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10-year vision focus of regents' spring meeting

Feb. 27, 2001

Member: Diversity is key to Baylor future


Staff writer

The focus of the Baylor Board of Regents' spring meeting held at the end of last week was to discuss and closely evaluate the survey data collected for President Robert B. Sloan Jr.'s 10-year vision.

In creating the 10-year vision, last year Sloan began asking both faculty and students how they would like to see Baylor University in 2012.

Although the actual plan will not be launched until 2002, Sloan presented the regents with several presentations outlining collected data from both faculty and student responses concerning the vision.

Regent Hal Wingo said he and his colleagues discussed the importance of Baylor maintaining its unique academic and Christian identity amidst growing societal changes.

'Baylor has no choice but to face the changing industry in society over the next several years,' Wingo said. 'Therefore, it is important to look at these changes and ask ourselves how that will impact Baylor and what should we do about it.'

Wingo said he thinks the first couple of decades in the 21st century will be 'a real shake-out' time for a lot of institutions in the United States.

'There will be universities and schools that don't make it because the competition becomes too terrific and the costs become overbearing,' he said. 'Therefore, the survivors will be the ones that have best understood how the world is changing and how they should relate to it. That is the whole purpose of the vision.'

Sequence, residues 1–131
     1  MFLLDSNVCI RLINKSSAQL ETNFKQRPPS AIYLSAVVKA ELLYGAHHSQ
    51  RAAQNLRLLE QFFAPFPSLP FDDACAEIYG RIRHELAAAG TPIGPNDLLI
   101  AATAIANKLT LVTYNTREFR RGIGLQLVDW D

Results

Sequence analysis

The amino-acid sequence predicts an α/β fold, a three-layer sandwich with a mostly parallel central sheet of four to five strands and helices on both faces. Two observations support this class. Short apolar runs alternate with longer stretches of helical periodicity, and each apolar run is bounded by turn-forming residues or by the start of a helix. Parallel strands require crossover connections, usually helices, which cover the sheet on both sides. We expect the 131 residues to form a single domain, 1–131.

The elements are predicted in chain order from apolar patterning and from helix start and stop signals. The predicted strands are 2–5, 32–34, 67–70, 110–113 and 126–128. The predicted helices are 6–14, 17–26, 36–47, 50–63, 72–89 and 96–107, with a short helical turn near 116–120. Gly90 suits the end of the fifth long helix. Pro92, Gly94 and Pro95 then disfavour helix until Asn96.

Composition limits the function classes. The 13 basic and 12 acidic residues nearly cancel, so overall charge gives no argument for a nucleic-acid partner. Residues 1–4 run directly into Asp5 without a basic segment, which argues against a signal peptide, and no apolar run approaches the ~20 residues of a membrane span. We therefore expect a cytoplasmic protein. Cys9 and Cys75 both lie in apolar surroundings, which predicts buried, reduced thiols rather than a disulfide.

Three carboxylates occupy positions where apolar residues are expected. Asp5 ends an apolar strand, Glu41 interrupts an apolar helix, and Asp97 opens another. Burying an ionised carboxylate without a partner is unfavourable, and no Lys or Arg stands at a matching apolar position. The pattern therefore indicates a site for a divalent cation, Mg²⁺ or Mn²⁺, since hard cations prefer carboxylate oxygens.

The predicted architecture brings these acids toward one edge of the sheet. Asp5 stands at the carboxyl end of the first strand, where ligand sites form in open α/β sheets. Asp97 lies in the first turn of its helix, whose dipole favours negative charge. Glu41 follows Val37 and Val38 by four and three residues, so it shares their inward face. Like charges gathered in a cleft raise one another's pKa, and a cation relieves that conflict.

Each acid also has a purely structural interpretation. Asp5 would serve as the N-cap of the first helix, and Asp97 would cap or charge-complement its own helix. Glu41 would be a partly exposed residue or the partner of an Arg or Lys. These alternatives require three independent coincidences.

Wingo said that one way Baylor could keep in-line with growing societal changes is not to become an 'elitist or separate university' but rather become more diversified.

One way is to increase the minority population on campus, he said.

'A more diversified population at this university will reflect the diversity in the general population,' Wingo said. 'This also calls for recruiting more minority students and looking for more qualified minority faculty members.'

Another issue Wingo said the regents anticipate Baylor facing in the future is an increase in education dollars that plan to be distributed via President Bush's education reform.

Wingo said that this may cause an even greater competition among Baylor and schools statewide.

'Students with this money in their pockets are going to be going where they want to,' he said. 'If they come to Baylor, they'll come because they see something special here and they will bring those dollars with them. [Baylor] has to be prepared to deal with that and make itself attractive in an increasingly competitive academic field to students.'

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